With the magical experience, what happens is that you suddenly get a whole mess of stuff in the in-tray that you don't have the first fucking clue how to classify. This is not a woman with a perambulator, or a well-done steak. This is something that may be a rose, a century, the Platonic essence of the colour green, or all of these at once. This thing over here is a Sqmrlpstgyzlt: it eats a by-product of human jealousy and it shits previously undiscovered prime numbers. The only sane thing to do in the face of sensory input like this is to go mad. The filing cabinet will not cope, its systems of taxonomy exhausted. It spills over in a big flood of disorganised data across the office floor.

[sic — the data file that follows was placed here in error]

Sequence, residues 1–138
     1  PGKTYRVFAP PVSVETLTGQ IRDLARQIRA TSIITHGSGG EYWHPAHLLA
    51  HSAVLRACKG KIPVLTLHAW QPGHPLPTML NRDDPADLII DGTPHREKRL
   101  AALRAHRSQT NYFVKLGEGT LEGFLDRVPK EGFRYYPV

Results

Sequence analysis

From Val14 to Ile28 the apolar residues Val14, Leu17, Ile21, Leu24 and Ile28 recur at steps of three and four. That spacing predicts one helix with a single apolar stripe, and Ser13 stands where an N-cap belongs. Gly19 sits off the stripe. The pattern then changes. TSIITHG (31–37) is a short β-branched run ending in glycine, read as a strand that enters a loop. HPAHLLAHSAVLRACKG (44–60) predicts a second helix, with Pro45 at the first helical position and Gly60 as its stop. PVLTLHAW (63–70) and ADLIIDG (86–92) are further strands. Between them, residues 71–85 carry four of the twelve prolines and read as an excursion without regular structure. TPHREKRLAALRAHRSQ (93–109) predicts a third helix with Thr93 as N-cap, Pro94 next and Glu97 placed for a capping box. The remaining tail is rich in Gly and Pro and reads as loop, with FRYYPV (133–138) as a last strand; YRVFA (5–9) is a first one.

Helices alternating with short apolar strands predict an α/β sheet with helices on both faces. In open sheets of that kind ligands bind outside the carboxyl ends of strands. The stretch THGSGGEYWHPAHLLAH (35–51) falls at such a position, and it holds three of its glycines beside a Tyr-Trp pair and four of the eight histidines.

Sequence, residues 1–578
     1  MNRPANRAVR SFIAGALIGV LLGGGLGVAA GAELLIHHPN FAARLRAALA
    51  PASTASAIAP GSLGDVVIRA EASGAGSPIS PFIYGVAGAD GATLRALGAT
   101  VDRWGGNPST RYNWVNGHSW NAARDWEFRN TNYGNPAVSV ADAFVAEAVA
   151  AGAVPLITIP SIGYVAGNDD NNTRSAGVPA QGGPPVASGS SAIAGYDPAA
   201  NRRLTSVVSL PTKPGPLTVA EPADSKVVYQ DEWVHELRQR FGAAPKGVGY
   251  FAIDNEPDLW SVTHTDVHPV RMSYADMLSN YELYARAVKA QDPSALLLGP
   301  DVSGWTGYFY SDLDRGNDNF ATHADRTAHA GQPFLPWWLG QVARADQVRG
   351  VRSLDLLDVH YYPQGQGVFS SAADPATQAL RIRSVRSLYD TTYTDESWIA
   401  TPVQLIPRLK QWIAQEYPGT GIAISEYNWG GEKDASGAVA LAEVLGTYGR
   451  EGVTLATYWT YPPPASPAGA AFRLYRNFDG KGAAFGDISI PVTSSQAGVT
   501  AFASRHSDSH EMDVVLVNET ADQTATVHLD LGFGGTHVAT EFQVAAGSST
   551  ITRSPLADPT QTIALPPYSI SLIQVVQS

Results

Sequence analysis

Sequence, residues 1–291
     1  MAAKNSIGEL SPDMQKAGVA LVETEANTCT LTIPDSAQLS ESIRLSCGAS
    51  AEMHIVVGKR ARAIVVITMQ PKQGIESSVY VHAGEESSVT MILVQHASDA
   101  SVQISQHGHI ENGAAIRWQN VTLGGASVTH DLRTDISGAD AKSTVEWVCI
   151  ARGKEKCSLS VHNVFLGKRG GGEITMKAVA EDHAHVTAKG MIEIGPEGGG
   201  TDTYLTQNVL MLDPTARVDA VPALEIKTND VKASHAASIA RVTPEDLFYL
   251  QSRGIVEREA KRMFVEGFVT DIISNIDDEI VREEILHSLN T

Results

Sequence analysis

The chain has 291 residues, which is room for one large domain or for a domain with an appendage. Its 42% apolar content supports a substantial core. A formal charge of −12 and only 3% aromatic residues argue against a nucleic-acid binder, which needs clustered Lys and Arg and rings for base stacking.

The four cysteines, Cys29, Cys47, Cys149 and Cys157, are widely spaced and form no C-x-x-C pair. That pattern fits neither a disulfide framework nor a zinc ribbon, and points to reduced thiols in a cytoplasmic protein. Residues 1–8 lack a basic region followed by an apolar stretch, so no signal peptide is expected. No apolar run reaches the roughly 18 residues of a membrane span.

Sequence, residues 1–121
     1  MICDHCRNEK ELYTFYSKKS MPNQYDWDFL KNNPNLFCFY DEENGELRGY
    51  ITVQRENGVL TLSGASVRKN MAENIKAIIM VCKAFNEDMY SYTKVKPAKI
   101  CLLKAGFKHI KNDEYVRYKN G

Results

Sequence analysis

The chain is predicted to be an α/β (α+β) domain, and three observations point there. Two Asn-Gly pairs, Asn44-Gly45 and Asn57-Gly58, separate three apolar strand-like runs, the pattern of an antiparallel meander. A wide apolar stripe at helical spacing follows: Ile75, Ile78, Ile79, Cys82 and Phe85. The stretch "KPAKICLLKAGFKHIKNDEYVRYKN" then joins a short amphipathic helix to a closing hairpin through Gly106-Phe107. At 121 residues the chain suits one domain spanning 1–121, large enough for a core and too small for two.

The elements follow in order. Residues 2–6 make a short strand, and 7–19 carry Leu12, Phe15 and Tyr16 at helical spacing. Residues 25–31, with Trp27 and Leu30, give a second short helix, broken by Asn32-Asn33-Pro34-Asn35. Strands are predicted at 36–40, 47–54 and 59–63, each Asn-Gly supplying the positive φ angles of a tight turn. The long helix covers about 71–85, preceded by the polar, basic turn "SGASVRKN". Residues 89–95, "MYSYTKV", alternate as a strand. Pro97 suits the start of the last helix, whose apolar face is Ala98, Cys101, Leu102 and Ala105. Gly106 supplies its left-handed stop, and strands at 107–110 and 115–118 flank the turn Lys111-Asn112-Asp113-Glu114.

By becoming a magician two or three months prior to the catalytic event, in effect I was ordering a bigger filing cabinet ahead of time. When the event happened, I had at least some rudimentary means to classify it within a system and make sense of it. I've heard it said that all of our human perceptions might be seen as our individual windows on the Universe. The magician is consciously attempting to alter his or her window's width or its angle, so as to get a different view of the landscape outside. The schizophrenic, on the, other hand, has had his or her window kicked in by some great big astral skinhead in eighteen-hole Doctor Martens boots. Both of them are experiencing the same flood of phenomena and probably many of the same perceptions. The magician, however, has a means of processing this information. The magician has something to bail with. The schizophrenic can only sink beneath the flood. As Aleister Crowley once succinctly put it (and I'm not paraphrasing here). "The only difference between a schizophrenic and myself is that I'm not mad."